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In exploring these questions Michael Cook maintains in Christology as Narrative Quest the primacy and centrality of narrative in communicating the significance of Jesus Christ, and demonstrates ways in which "narrative" in four faith images has played a role in the shaping of ChristoloThese forms and their texts are: biblical (the Gospel of Mark); creedal (the Nicene-Constantinopolitan Creed); systematic (Aquinas' Summa theologiae ); and social transformat(the "story" of Mexican-Americans.) All of these images are ways of using narrative imagery to connect idea and experience.
How central is narrative to Christology? To human experience?
In exploring these questions Michal Cook maintains in "Christology as Narrative Quest" the primacy and centrality of narrative in communicating the significance of Jesus Christ, and demonstrates ways in which narrative" in four faith images has played a role in the shaping of Christology. These forms and their texts are: biblical (the Gospel of Mark); creedal (the Nicene-Constantinopolitan Creed); systematic (Aquinas' "Summa theologiae"); and social transformation (the "story" of Mexican-Americans.) al of these images are ways of using narrative imagery to connect idea and experience.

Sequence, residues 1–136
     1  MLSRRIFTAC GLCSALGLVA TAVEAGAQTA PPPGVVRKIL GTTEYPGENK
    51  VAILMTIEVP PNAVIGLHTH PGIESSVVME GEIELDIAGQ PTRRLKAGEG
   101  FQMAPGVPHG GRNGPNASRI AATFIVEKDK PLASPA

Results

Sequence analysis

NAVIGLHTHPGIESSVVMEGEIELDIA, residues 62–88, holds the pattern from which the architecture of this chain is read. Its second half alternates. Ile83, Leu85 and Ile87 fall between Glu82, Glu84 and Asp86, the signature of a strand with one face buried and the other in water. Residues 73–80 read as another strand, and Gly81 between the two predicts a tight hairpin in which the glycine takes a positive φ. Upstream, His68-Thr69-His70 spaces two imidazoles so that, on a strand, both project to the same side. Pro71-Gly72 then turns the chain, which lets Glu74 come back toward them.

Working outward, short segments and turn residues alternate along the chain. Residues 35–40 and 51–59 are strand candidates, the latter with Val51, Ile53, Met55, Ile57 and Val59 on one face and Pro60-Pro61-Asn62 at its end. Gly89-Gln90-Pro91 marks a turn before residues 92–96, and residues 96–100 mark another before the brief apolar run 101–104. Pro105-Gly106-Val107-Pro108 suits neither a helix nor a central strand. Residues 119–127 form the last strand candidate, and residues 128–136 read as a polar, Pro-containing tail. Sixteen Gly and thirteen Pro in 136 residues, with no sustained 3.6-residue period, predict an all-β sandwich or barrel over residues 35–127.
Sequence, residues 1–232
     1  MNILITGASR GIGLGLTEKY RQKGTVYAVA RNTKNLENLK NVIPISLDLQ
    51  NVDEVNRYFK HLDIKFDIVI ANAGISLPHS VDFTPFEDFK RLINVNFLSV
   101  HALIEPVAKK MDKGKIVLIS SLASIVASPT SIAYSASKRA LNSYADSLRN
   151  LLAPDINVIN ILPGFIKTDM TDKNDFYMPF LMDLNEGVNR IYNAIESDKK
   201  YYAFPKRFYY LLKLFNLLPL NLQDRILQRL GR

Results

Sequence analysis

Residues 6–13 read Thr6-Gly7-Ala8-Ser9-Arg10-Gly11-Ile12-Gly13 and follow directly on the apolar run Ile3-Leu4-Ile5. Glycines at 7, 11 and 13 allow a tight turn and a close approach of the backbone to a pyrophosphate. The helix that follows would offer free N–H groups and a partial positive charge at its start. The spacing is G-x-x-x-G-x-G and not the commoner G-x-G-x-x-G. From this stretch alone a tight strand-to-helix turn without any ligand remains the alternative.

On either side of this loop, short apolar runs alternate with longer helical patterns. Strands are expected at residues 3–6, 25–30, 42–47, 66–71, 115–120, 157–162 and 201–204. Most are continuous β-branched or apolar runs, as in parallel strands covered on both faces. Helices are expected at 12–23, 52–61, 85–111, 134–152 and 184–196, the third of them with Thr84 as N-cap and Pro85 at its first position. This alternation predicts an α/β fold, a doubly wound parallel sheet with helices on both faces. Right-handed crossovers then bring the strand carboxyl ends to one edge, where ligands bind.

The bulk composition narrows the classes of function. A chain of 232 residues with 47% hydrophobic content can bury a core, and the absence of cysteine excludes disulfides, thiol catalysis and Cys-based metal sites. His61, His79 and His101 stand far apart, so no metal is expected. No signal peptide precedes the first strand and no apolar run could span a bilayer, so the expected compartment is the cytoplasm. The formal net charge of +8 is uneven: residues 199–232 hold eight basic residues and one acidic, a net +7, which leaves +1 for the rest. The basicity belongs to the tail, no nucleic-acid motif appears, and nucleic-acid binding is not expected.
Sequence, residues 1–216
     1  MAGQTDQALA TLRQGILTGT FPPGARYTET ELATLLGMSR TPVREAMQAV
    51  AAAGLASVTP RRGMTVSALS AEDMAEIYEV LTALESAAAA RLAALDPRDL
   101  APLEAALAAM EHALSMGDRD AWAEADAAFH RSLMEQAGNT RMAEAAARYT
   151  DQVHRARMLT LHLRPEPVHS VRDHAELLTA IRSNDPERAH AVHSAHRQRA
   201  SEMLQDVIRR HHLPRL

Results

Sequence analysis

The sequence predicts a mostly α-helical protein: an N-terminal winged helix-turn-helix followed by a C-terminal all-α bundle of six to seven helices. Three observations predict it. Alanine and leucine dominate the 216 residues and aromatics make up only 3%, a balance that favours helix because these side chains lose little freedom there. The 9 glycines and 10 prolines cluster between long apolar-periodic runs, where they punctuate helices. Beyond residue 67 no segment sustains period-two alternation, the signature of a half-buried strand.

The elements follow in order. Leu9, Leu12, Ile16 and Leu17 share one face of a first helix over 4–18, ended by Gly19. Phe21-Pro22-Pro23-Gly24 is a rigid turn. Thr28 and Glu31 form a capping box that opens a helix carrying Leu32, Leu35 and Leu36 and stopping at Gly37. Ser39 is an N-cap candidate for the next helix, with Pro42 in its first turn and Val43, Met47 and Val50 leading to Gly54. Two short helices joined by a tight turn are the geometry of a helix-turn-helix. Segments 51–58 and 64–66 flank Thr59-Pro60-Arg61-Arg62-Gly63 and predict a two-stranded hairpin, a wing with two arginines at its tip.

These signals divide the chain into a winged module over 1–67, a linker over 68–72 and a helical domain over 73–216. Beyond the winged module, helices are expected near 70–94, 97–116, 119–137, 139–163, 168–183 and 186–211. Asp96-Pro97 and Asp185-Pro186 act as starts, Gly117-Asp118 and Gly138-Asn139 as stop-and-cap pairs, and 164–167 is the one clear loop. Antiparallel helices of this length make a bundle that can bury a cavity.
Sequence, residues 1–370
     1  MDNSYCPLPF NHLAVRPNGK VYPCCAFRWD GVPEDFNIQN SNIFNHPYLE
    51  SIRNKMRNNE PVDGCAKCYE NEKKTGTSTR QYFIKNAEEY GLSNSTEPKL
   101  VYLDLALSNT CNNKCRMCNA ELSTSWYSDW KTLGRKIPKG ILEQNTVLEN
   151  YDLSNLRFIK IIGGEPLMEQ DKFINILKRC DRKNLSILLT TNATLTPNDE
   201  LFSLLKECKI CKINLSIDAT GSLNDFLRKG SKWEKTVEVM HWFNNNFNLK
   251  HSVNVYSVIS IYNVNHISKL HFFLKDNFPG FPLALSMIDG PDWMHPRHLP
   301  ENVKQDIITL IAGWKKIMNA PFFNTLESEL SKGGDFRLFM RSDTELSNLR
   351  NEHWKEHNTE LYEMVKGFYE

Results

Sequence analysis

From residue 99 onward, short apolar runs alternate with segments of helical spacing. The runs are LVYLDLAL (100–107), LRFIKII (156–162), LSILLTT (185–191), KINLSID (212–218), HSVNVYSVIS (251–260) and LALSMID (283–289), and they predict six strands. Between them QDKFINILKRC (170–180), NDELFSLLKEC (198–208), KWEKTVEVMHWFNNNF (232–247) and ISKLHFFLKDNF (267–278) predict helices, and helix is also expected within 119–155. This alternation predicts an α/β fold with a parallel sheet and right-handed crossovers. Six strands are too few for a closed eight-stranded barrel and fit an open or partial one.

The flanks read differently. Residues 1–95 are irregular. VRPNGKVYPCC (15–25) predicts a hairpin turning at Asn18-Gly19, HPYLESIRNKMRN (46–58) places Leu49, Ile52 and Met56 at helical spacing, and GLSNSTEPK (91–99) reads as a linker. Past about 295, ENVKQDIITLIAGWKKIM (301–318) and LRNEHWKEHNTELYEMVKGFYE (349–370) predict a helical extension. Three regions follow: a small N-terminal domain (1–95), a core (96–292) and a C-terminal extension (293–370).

A detailed analysis reveals that each of these forms involve what well-known ethicist Alasdair MacIntyre calls a "narrative quest." In each case an image of Jesus that is fundamental for integrating a particular form of the "narrative quest" emerges.
Father Cook contends that Christology in any age is the culture-specific faith response of the community of believers/disciples (Church) to the mystery of the risen Jesus a mystery that, identified with the very life, activity, and presence of God, simply transcends any attempt we make, whether biblical, creedal, systematic, or societal, to bring it to expression.
The four faith images (biblical, creedal, systematic, social transformation) and their texts broadly correspond to significant periods in the history of Christianity: the Jewish-Gentile Church, the Hellenistic-Byzantine (imperial) Church, the Latin-Western (papal) Church, and the contemporary, post-Vatican II emergence of the world-wide Church.
Graduate students, academicians, and others who want a scholarly or professional reference work will appreciate this substantive look into the relationship of narrative and Christology.
Chapters examine the four faith images. They are "The Centrality of Narrative in Christology," "A Biblical Image: 'The Beloved Son' in the Gospel of Mark," "A Creedal Image: 'The Pre-Existent Son' in the Nicene-Constantinopolitan Creed," "A Systematic Image: 'The Incarnate Word' in the Summa theologiae of Thomas Aquinas," and "A Social Transformation Image: 'The Rejected Prophet' in the Mexican-American Experience."
"Michael L. Cook, SJ, ThD, is a professor of theology at Gonzaga University. He also taught at the Jesuit School of Theology in Berkeley and was a visiting professor at the Catholic University in Santiago, Chile. He is the author of "Responses to 101 Questions About Jesus."
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